Congratulations to author Julian Barnes and translator Ronald Vlek, whose novel Alsof het voorbij is (The Sense of an Ending, published by Atlas Contact) just won the 2012 European Literature Prize. Initiated in 2011, the Prize selects the best Dutch translations of European literary novels to appear in the last year. For winning the award, the author receives a sum of €10,000, the translator € 2,500.
Barnes’ brief but powerful new novel is “. . . as calm as it is disturbing, as melancholy as it is comical, a novel that can be read on several levels: as a personal outpouring, an account by a man wishing to clear his name, or an assault on the power of memories. A novel that makes the reader doubt everything he thinks he knows about himself.” For Vlek’s translation, the jury expressed equal praise: “Translator Ronald Vlek not only manages to transform the narrator’s language into perfect, measured Dutch, he is remarkably successful in capturing Barnes’ undertone. He meticulously transforms the restrained, sometimes evasive sentences, the lucid images and carefully chosen words into Dutch without ever allowing them to lose any of their connotations.”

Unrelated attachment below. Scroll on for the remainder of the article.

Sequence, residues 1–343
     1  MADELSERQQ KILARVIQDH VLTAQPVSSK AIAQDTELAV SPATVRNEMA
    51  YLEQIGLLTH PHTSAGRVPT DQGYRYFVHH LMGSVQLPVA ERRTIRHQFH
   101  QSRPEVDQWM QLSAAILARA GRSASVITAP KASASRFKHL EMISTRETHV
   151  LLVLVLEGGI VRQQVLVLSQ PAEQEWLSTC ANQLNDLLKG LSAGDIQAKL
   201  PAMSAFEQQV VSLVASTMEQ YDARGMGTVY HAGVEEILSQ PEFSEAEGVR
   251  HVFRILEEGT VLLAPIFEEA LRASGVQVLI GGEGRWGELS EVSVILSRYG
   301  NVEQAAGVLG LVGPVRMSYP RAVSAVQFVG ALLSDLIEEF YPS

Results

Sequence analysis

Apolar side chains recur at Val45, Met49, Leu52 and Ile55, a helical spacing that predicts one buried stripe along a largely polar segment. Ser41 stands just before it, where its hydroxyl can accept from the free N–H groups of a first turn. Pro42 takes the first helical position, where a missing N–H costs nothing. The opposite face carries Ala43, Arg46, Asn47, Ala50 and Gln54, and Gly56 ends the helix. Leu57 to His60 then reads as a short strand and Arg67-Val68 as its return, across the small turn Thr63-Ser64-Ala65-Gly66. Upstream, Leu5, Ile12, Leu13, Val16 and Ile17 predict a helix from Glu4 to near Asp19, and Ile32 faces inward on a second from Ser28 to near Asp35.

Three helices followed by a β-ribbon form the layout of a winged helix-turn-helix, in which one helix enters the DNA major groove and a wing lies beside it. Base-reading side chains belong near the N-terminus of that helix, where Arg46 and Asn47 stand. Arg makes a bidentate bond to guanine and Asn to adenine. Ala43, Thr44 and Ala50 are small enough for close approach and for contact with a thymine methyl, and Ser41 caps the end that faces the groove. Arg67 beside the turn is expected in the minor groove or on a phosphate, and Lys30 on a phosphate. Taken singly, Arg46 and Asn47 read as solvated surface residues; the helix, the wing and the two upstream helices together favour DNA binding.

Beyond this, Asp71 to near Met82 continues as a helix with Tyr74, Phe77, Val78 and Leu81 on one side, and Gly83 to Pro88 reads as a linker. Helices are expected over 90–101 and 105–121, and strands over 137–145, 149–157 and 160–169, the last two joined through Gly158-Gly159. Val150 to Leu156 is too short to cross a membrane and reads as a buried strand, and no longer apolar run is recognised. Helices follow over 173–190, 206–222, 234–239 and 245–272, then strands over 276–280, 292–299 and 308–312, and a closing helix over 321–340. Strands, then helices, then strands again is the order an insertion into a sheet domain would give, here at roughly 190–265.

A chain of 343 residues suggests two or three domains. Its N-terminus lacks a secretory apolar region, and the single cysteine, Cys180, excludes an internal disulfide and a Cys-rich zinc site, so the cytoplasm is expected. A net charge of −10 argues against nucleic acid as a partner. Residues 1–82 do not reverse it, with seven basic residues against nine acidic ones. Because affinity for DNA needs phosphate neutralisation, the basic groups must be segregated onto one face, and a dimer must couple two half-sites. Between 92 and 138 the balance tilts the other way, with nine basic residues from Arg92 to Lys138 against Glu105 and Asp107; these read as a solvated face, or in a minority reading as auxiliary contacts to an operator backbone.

Modeled after Three Percent’s Best Translated Book Award, the European Literature Prize is sponsored by the Academic-Cultural Centre SPUI25, the Dutch Foundation for Literature, the weekly magazine De Groene Amsterdammer, and Athenaeum Booksellers. The four other shortlisted titles for the prize are as follows:
Geluk als het geluk ver te zoeken is by Wilhelm Genazino, translated from German by Gerrit Bussink (Atlas Contact)
De kaart en het gebied by Michel Houellebecq, translated from French by Martin de Haan (De Arbeiderspers)
C by Tom McCarthy, translated from English by Auke Leistra (De Bezige Bij)
De waarheid omtrent Marie by Jean-Philippe Toussaint, translated from French by Marianne Kaas (Prometheus)
Eleven independent bookshops selected books for the longlist. The professional jury then pared it down, selected the shortlist, and chose the winner.
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Miruna is a novella written in the voice of an adult who remembers the summer he (then, seven) and his sister, Miruna (then, six) spent in the Evil Vale with their grandfather (sometimes referred to as “Grandfather,” other times as. . .
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